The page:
I knew I was going to love La La Land, Damien Chazelle’s new film musical, but I wasn’t really ready for how it made me feel watching it in the theater today. Damien Chazelle blew me away with Whiplash, an intense movie about a jazz drummer which opened Sundance a few years ago, and garnered J. K. Simmons a Supporting Actor Oscar. The success of Whiplash let him make the musical movie he’d always dreamed of.
I went to see La La Land alone today because I. Could. Not. WAIT, but I will be dragging everyone I can to go see it on the big screen. I want to see it as many times as I possibly can. Critics have swooned, even Manohla Dargis wrote about how swept away she was watching it the second time.
I love movie musicals. I live and breathe them. I fell hard for Fred Astaire, adore Gene Kelly and the list goes on. Those films of the past had magic. Yes, they were earnest and wore their heart on their sleeve, but can anything convey like a song that heavenly feeling of falling in love? Musicals have fallen out of fashion in cynical Hollywood as of late. They are rare or you have to watch a Disney animated film to see one. I have turned to Indian films to get my musical fix.
Today, in the theater, Damien Chazelle gave me the most precious gift. He gave me a Hollywood musical, steeped in the traditions and with a love for Hollywood musicals of the past, and also fresh and adult and modern. The movie made me smile from the first frames as an LA traffic jam leads to people getting out of their cars to dance and sing.
Then we meet Emma Stone’s Mia, a struggling actress and Ryan Gosling’s Sebastian, a struggling Jazz piano player. They run into each other a few times and banter before this glorious spontaneous dance:
How gorgeous is that shot?! The sunset on the hills, her yellow dress and red hair. How they have those matching shoes.
There are bumps along the way, but one night they go to the Griffith Observatory after seeing Rebel With A Cause. And then they fall in love, and the music takes them up into the stars. I seriously started crying tears of joy at this. I didn’t just choke up. Tears were running down my face I was so happy.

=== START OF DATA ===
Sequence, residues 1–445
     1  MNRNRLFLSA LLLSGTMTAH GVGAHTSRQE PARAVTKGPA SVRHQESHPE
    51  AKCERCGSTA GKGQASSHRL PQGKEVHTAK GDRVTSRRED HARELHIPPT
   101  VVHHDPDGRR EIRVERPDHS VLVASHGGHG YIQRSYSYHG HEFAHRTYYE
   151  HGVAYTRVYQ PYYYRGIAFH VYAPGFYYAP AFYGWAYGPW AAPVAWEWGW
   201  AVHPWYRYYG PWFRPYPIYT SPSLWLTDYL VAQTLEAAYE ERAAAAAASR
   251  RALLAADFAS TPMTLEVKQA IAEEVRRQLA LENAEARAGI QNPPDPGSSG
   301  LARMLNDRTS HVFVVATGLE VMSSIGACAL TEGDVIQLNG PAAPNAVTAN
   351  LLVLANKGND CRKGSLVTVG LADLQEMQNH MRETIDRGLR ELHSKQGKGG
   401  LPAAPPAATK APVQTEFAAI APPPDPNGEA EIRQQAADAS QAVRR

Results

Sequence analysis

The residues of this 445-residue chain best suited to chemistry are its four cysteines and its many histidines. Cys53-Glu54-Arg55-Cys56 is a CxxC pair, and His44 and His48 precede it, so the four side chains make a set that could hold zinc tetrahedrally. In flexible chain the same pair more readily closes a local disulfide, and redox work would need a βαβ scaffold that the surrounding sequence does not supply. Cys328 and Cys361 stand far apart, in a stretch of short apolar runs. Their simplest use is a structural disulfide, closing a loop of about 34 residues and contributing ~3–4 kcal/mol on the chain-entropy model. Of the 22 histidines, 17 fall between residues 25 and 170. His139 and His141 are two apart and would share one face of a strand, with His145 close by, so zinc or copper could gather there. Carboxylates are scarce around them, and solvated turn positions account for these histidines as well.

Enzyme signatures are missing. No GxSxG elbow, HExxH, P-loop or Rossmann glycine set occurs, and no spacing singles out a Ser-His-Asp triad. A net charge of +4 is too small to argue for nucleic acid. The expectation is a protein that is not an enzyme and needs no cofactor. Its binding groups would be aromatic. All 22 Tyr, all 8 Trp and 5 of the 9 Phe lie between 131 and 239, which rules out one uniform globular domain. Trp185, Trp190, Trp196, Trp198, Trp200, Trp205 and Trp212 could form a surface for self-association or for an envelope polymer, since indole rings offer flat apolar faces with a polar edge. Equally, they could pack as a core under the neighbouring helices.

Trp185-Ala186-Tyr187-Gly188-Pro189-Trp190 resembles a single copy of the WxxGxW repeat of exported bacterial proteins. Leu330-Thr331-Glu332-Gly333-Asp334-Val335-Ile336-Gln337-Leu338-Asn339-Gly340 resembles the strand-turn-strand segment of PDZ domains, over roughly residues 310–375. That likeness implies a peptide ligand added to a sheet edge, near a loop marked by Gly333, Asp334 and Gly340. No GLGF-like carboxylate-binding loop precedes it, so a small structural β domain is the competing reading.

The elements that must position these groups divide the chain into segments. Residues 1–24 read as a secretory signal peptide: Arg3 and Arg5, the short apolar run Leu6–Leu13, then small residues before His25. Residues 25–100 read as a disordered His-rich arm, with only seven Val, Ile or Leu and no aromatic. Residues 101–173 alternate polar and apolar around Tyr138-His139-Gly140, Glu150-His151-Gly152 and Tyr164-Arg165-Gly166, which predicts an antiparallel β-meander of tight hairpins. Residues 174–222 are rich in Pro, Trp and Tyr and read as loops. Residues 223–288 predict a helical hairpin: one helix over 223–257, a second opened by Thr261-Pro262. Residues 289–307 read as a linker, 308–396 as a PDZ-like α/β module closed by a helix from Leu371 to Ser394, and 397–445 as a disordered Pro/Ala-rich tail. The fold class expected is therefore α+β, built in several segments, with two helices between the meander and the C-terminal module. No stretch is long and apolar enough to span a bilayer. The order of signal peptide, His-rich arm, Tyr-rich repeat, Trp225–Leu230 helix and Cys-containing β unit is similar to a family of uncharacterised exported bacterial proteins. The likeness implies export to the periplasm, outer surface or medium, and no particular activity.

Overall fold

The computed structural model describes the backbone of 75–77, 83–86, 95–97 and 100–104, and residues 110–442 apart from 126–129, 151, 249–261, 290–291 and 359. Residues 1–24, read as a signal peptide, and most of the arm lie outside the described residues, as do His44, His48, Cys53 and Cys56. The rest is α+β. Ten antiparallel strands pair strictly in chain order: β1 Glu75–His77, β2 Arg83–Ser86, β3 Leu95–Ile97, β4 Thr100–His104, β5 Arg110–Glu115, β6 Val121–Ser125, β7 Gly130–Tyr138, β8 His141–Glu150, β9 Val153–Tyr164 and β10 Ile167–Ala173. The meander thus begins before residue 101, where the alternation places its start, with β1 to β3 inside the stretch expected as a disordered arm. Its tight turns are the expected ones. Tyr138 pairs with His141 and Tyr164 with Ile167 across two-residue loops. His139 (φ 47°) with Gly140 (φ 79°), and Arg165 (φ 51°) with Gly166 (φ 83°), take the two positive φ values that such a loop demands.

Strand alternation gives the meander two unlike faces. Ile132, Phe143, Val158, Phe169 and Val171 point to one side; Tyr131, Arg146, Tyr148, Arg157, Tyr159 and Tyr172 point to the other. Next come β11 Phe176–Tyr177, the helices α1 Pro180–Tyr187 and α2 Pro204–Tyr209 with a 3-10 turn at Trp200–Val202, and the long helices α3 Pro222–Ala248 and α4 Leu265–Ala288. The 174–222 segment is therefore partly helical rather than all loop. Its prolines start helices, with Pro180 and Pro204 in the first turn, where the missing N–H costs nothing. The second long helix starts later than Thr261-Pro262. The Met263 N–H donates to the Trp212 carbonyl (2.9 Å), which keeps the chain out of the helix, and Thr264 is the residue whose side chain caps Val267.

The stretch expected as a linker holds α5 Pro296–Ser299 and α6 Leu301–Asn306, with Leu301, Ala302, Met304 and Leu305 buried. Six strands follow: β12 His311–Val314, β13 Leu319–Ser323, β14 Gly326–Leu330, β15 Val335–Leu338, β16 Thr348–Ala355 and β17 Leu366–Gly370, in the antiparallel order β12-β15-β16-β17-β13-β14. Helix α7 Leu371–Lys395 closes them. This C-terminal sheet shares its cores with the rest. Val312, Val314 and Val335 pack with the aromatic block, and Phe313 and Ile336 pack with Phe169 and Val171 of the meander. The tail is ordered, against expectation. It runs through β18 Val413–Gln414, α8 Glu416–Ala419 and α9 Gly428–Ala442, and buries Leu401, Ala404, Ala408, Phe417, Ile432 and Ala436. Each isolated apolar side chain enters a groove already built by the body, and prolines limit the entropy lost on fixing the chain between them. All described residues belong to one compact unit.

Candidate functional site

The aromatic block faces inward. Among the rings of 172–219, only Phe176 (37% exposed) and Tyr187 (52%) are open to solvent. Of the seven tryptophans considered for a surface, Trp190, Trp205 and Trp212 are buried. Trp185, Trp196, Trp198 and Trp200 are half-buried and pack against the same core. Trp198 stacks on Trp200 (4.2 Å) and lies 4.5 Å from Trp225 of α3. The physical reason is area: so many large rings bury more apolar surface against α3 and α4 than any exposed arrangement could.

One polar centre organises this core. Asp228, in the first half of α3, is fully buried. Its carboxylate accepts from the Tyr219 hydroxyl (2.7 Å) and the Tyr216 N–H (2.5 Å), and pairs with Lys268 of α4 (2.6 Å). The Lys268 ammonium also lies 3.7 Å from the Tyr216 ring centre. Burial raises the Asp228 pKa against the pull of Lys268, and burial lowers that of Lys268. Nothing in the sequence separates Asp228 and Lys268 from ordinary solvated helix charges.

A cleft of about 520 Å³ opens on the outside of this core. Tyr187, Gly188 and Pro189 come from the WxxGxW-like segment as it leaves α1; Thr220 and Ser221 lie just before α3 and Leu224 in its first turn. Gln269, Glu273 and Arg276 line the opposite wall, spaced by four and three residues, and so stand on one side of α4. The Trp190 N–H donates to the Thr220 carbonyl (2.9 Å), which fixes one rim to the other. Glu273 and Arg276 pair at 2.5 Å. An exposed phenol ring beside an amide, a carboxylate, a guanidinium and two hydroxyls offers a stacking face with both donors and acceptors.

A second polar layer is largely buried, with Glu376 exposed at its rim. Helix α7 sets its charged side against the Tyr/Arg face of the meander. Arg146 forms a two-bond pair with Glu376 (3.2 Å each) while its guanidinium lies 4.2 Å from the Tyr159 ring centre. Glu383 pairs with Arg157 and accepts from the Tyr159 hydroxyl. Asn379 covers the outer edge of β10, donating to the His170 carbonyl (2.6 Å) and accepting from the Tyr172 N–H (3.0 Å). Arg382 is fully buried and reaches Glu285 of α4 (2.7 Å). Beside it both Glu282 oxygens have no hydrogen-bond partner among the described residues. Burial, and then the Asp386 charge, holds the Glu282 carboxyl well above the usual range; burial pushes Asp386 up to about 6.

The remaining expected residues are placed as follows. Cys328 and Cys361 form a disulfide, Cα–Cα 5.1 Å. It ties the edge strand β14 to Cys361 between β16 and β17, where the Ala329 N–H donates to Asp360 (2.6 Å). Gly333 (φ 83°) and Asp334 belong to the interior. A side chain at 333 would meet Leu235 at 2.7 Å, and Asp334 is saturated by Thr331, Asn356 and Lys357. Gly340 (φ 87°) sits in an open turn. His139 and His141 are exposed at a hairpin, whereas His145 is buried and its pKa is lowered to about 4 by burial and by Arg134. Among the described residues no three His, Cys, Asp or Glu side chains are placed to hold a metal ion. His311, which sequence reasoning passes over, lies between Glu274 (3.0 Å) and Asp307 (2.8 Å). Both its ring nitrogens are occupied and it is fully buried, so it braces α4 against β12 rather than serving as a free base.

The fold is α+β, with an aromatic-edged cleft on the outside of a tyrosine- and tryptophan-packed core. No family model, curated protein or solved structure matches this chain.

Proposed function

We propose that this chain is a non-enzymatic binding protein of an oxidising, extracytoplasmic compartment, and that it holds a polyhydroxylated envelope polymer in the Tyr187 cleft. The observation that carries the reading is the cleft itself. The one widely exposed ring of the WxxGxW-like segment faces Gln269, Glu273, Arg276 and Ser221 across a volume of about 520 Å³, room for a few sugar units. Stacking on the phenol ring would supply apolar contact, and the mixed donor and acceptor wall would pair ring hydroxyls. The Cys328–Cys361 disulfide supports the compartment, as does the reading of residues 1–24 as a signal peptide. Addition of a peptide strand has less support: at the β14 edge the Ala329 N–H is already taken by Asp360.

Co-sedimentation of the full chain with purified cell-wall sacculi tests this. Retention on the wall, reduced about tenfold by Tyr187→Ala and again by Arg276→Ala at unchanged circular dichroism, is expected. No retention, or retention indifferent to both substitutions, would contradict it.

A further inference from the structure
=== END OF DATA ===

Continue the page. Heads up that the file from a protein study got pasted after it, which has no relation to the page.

I loved all the camera tricks that Chazelle uses. He’s studied the masters and gone even a step further. This is a film where Damien Chazelle takes the every day and makes it part of a musical number. We meet Mia’s roommates and a blow dryer gives Mia a moment worthy of a Bollywood number:
People don’t just walk down the street to a party – they do this:
I was only hoping for a few big musical dance numbers, but this a full fledged musical film with songs and dances throughout from start to finish. The music is all original by Justin Hurwitz who also provided the score for Whiplash. Ryan Gosling’s character is a jazz musician who is always composing and working on his music, so it makes sense in the film for moments like this one:
This is hands down my favorite film of the year. It’s about a guy and a gal falling in love and struggling to make their dreams come true. Maybe it doesn’t have the weight of Manchester by the Sea, or the important issues of a film like Moonlight. But I cried more than once — for joy and for the beauty of it all. That final sequence just left me again in tears it was so perfect. So beautiful. So bittersweet. This is not a saccharine sappy film.
Chazelle fought hard to get this cast. He had to really convince Emma Stone to make the leap and she didn’t make it easy. Ryan Gosling took piano lessons for months so that he could convincingly play the piano in the film without editing cheats. Gosling and Stone have shown in films like Crazy, Stupid Love that they have that X factor chemistry between them. This film was almost cast with Miles Teller and Emma Watson. Thank God Stone and Gosling became available — Emma Stone is likely to win an Oscar nomination for this film.
La La Land is romance at its best. Damien Chazelle has captured magic in bottle. I plan to partake again and again.